RAINBOWCITY: The Manifesto of a City Prototype
by Marta Grasso
2020 is a year that dramatically changed the world.
A global pandemic, social movements such as BLM, continued fights for LGBTQIA+ and gender equality, Brexit, and other historic advancements.
How can cities adapt to such major changes? What does the city of the future have in store for us?
The Rainbowcity is an urban prototype, which tries to bring the many changes of 2020 into a more inclusive setting. People of different social background, age, income, ability, religion, gender, race, and more are brought together among the skyscrapers. The high-rises are subdivided into apartments, common areas – which helps to unite citizens of the same building – and shops.
The appearance of the city is simple: large icons on the top of each building show what kind of stores or businesses it hosts. This is a crucial addition especially for those of older ages and tourists, as this allows people to better see their destinations from far distances and helps them to move around the city easier. For example, H for hospital, dentist’s chair for the dentist, piano for the concert hall, refrigerator for appliances shop, ancient columns for the museum, exercise equipment for gyms, and so on.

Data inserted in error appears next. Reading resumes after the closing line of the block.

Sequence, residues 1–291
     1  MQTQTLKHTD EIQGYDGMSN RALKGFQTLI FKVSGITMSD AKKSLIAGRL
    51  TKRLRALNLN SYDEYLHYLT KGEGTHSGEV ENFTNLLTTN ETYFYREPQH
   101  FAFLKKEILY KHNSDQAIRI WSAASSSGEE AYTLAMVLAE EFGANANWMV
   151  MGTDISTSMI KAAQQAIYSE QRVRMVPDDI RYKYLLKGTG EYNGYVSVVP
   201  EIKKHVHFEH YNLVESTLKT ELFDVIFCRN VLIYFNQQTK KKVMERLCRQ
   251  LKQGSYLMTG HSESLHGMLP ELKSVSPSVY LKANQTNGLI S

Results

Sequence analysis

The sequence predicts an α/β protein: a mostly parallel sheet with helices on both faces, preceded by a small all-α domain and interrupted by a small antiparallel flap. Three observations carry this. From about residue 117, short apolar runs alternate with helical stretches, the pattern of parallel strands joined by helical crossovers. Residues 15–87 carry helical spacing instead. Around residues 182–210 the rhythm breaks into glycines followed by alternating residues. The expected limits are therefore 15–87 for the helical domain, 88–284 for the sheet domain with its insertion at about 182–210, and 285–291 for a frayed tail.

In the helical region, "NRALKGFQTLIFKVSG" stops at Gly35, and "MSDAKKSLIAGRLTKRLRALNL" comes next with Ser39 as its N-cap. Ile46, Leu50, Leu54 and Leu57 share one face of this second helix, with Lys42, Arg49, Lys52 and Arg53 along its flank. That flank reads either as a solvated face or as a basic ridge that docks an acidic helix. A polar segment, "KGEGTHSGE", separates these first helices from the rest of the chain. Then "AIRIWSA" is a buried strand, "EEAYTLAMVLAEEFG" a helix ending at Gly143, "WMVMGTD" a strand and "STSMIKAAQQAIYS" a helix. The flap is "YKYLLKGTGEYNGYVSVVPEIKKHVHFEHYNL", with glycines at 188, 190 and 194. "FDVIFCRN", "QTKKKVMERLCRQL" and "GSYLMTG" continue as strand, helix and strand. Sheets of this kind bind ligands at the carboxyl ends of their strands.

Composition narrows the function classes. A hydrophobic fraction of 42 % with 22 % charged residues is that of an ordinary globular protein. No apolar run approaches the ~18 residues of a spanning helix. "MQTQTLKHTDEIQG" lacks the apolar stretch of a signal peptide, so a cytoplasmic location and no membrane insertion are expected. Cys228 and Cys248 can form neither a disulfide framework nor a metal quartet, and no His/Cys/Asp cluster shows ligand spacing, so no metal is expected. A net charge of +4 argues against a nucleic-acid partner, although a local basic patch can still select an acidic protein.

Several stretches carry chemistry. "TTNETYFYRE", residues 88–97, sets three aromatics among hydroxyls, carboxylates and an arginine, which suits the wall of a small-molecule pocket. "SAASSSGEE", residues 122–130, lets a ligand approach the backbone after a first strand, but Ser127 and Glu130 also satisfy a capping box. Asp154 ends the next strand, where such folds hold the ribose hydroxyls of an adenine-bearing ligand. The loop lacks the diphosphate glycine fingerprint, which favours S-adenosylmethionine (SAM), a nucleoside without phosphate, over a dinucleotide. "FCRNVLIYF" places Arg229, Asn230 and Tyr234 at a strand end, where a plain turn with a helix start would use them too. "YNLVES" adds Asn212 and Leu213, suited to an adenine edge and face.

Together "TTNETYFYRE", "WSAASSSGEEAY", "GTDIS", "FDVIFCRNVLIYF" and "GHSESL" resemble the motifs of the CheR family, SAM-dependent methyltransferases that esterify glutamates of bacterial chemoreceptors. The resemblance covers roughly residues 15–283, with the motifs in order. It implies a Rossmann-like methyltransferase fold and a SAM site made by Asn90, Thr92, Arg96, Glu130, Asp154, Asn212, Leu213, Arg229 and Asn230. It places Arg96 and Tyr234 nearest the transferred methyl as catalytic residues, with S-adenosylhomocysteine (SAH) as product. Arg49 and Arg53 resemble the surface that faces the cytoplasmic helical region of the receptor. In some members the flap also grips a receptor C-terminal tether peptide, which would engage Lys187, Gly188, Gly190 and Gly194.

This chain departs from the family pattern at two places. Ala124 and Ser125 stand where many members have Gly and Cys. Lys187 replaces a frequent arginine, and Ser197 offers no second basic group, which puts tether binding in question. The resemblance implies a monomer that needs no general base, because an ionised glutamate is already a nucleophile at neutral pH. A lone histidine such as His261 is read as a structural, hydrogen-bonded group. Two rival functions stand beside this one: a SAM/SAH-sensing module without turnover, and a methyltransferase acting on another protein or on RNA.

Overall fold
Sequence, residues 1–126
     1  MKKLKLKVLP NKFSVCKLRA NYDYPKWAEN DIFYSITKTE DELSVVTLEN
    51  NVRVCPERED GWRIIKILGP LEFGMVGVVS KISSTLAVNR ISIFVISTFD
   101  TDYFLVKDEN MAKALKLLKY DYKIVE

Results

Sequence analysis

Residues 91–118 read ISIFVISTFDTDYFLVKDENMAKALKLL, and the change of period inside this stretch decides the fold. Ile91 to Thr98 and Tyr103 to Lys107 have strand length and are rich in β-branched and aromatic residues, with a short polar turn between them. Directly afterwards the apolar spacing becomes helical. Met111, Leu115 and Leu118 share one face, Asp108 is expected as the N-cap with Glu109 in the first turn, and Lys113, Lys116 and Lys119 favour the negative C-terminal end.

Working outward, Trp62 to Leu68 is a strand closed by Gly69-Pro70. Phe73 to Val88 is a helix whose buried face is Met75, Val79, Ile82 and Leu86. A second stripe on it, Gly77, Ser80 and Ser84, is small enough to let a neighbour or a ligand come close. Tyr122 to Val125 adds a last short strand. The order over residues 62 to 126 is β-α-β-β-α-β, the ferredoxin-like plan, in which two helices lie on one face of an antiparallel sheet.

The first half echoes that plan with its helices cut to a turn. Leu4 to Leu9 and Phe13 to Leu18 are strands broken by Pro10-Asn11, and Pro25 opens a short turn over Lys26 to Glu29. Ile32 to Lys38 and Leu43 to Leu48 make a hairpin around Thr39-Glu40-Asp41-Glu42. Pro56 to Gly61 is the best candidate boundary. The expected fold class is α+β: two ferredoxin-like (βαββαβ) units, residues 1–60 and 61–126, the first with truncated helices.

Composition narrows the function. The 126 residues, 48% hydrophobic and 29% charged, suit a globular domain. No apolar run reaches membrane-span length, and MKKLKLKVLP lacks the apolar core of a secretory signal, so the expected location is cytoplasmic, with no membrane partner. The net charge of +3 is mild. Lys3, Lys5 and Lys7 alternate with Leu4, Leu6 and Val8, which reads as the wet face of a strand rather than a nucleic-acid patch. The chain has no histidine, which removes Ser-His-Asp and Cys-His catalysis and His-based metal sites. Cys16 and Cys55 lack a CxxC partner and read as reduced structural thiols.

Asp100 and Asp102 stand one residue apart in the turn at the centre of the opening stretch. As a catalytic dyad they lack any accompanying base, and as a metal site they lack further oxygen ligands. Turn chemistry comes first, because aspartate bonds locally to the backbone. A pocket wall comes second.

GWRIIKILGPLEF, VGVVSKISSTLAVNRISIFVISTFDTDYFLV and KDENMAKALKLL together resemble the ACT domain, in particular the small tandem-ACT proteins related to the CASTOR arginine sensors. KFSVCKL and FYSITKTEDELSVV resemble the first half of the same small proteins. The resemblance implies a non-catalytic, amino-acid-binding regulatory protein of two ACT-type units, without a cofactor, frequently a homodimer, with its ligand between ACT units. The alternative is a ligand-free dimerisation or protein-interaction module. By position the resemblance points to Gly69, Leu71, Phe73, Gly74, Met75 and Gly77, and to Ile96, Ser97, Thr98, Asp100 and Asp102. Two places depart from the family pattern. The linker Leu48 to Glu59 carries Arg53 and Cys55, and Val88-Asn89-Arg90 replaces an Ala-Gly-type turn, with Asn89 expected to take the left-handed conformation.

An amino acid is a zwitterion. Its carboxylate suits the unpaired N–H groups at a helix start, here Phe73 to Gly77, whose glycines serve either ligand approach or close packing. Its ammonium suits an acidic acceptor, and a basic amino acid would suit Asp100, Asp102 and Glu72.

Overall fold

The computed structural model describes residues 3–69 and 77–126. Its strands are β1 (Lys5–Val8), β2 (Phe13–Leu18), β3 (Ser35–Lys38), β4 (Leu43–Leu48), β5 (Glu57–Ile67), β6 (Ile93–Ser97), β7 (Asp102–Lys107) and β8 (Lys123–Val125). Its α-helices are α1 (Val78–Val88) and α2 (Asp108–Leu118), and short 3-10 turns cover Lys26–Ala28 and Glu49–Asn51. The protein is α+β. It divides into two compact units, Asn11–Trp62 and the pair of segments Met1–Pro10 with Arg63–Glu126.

Transportation is a common issue in cities which is why it’s designed differently in the Rainbowcity. There are three levels of transportation starting from the top: pedestrian and bike, public transport, and service. The first two share the same color in slightly different shades, depending on the metro line, while the service level for all lines is indicated by beige.
Public transportation – both public transport lines and air transport – is so efficient that residents no longer need to have private transport with the exception of ecological bikes. As such, the ground is left in a natural state with the addition of some bikeways.